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May 03, 2014

FAA Drone Laws: Bold Predictions

I was asked to predict the end state of FAA regulation of commercial drones.

My answer came in two segments - what it will be, and what it won't be - and I thought I'd set it down here so that in a few years, everybody can see how wrong I was.
This is what FAA regulation of drone use will look like

    Commercial Mini-Drones
  • The definition of commercial mini-drone operation will be: any size up to maximum width six feet, any weight up to maximum of six pounds, any operation by a business entity or by an individual for hire, compensation, or benefit.
  • Uncontrolled airspace in nice weather: commercial mini-drone operators will use the same rules as hobbyist mini-RC aircraft, with the additional requirement of minimum insurance coverage.
  • Controlled airspace in nice weather: commercial mini-drone operators will use the same rules as hobbyist mini-RC aircraft, with the additional requirements of minimum insurance coverage, and a on-scene drone observer in immediate contact with the drone operator.
  • Uncontrolled airspace in marginal weather (Marginal VMC): commercial mini-drone operators will use hobbyist mini-RC rules, must have minimum insurance coverage, must have functioning mode-S transponders.
  • Controlled airspace in marginal weather (Marginal VMC): commercial mini-drone operators Not Authorized.

Commercial Drones Outside Mini-Drone Parameters Operation of larger/heavier drones will require special procedures specifying conflict avoidance responsibility and technique. NAS rollout of ModeS in/out is expected to provide many of the capabilities required for this type of flight. At this time, any of these operations will require special arrangements.

Law Enforcement and Drone Operations

  • Expect law enforcement operations (LEO/DHS) to receive priority over normal flight operations except at the most critical airports. Expect ATC to be informed of LEO missions which will have unique tracking codes, and normal traffic will flow around the LEO mission.
  • There will be drone no-fly zones around DC and VIP movements. Nobody will pay attention to them, and nobody will enforce them unless the media calls attention to them.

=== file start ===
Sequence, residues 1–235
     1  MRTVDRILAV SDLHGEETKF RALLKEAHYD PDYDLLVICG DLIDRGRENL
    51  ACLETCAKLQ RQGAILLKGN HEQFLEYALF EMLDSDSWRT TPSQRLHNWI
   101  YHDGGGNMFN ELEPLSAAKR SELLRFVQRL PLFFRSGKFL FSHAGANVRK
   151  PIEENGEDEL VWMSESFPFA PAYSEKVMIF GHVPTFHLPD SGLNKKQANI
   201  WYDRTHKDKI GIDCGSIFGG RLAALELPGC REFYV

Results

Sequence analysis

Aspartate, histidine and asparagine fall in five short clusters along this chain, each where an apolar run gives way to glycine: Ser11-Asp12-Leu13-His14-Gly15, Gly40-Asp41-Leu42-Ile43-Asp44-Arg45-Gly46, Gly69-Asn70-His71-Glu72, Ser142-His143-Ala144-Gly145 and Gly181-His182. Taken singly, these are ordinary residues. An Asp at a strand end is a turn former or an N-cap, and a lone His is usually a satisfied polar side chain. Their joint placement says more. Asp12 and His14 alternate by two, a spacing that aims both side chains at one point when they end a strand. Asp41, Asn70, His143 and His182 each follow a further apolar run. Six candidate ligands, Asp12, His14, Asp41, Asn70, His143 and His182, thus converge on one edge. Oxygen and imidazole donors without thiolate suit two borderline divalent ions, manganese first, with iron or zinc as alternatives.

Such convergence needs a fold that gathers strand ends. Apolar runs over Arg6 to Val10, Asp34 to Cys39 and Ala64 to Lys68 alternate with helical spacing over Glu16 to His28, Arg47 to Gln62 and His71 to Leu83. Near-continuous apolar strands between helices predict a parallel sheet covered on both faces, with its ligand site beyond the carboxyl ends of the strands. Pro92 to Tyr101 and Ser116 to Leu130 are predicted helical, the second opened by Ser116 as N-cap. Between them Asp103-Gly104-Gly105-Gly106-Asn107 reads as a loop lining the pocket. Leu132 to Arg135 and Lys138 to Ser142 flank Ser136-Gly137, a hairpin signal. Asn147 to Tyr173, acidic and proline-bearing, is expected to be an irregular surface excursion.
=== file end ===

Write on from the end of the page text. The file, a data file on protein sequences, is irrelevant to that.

OTOH, This is what the FAA regulation of drone use will not look like FAA drone regulation will not include any privacy, noise, or complaint resolution process at the federal level. It may refer such conflicts to local/state law enforcement.

Discussion The Radio-Controlled hobbyist procedures have provided a long-term, successful framework for similar operations. Introduction of the insurance requirement provides an appropriate level of business accountability, and aviation insurance companies will specify their own requirements as they see fit outside of the federal rule making process (hand of the marketplace and all that).

This proposal resolves 95% of the desired use, for 95% of the desired users. It does not address over-the-horizon use, or full NAS integration within controlled airspace - as the technology base is not yet standardized/deployed for that solution.

This proposal sidesteps the reasons the FAA has been avoiding the mini-UAV issue all along - noise, privacy, and political conflict - none of which are within FAA's expertise. So the proposal deals with aviation issues and leaves noise and privacy to other levels of government.

It's just my prediction. Feel free to add yours.


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